Relatives of 3-year-old Syrian Kurdish boy Aylan Kurdi carry his body during a funeral procession in Kobani, Syria, on Friday. (Sipan Ibrahim via AP)

The latest issue of Dabiq, the Islamic State's English-language magazine, contains a conspicuous number of offensive provocations. It has a two-page photo spread celebrating the destruction of the 2,000-year-old Temple of Bel, the most famed structure in the ancient city of Palmyra -- a world heritage site now under the control of the extremist organization. It also shows pictures of bound men moments before their summary executions, and young boys training to be jihadists.

But the worst image in this issue, the publication's 11th edition, is one much of the world has already seen. The Islamic State ran the famous picture of Aylan Kurdi, the 3-year-old Syrian toddler whose lifeless body washed ashore on a Turkish beach. Aylan, as the world came to learn, drowned last week in the waters of the Aegean Sea after the flimsy rubber dinghy carrying him and his family sank. His death brought home the risks and horrors facing myriad other refugees now struggling to reach Europe.

Image grab of a photo-spread in Dabiq's 11th issue, depicting the destruction of the Temple of Bel in Palmyra.
This is an image grab of a photo spread in Dabiq's 11th issue, depicting the destruction of the Temple of Bel in Palmyra.

But to the Islamic State, the refugees' journey into "crusaders' lands" is unforgivable. The group ran the image of the drowned child under the headline "The Danger Of Abandoning Darul-Islam" -- or the lands of Islam. The magazine went on to chastise Arab refugees making the perilous Mediterranean crossing.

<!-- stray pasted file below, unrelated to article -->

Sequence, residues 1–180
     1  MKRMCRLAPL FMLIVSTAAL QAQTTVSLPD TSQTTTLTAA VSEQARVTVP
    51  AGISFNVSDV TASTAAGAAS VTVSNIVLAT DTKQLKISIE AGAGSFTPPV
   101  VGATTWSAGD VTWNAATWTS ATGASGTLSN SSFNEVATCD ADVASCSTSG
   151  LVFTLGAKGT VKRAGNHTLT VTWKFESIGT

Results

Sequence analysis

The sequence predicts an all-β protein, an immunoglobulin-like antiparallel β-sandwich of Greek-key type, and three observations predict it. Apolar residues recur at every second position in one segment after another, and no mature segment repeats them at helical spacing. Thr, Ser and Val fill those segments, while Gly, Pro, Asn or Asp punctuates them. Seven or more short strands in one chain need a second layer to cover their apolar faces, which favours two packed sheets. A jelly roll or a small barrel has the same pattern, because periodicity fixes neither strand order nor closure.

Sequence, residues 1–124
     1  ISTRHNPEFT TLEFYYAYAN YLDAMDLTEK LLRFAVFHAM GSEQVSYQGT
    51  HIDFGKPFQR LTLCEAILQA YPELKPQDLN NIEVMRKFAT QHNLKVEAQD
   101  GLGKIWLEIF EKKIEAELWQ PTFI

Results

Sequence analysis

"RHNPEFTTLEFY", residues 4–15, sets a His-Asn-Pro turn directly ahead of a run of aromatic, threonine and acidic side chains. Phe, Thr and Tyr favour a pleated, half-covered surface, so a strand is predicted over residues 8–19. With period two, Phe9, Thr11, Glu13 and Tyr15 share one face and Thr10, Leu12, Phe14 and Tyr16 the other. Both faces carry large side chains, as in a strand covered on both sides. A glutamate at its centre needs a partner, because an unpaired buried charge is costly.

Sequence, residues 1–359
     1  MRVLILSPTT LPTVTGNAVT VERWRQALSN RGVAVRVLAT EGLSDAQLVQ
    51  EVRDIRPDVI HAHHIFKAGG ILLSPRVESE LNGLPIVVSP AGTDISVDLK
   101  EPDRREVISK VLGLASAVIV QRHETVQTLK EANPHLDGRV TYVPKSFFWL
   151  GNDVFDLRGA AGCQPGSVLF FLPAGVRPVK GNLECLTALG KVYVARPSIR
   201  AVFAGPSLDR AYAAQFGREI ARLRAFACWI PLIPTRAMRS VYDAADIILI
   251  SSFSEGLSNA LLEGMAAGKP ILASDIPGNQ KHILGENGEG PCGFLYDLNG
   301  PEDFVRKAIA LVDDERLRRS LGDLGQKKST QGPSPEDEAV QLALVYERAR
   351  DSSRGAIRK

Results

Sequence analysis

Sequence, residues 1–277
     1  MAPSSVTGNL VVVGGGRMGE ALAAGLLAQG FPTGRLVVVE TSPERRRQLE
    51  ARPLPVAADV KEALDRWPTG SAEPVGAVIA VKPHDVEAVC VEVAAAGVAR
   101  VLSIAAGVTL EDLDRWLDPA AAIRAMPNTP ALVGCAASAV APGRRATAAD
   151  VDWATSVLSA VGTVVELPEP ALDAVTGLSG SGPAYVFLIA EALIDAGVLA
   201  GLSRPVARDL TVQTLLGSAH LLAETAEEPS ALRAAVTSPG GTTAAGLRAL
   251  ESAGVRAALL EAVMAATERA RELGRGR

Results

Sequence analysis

After citing certain traditions of Islamic jurisprudence, the article scolded as follows:

Sadly, some Syrians and Libyans are willing to risk the lives and souls of those whom they are responsible to raise upon the Shari'ah -- their children -- sacrificing many of them during the dangerous trip to the lands of the war-waging crusaders ruled by laws of atheism and indecency.

It concludes that "voluntarily leaving [the lands of Islam] for [the lands of infidels] is a dangerous major sin, as it is ... a gate toward one's children and grandchildren abandoning Islam for Christianity, atheism or liberalism."

This hardly seems like a deterrent to future refugees, who are fleeing both the ravages of the jihadists, as well as the regime the Islamic State claims it's fighting. Aylan's family were Kurds from the northern Syrian city of Kobane, the site of months of bitter warfare between the Islamic State and Syrian Kurdish militias. The Kurds triumphed, but the city was a ruin.

The Kurdi family, struggling to survive, hoped like thousands of others for a better life overseas. That dream ended in tragedy, with the deaths of Aylan, his mother, Rehan, and his brother, Galip. Aylan's father, the only surviving member of the family, has returned to Kobane. In an interview with Newsweek, Abdullah Kurdi said he will now stay by the graves of his wife and children -- and that he will stand up to the Islamic State.

"I will stay and fight for Kobane, fight for the family I have left and for my people," he said. "We need all the help we can get, and I hope that the world realizes how much we have suffered."

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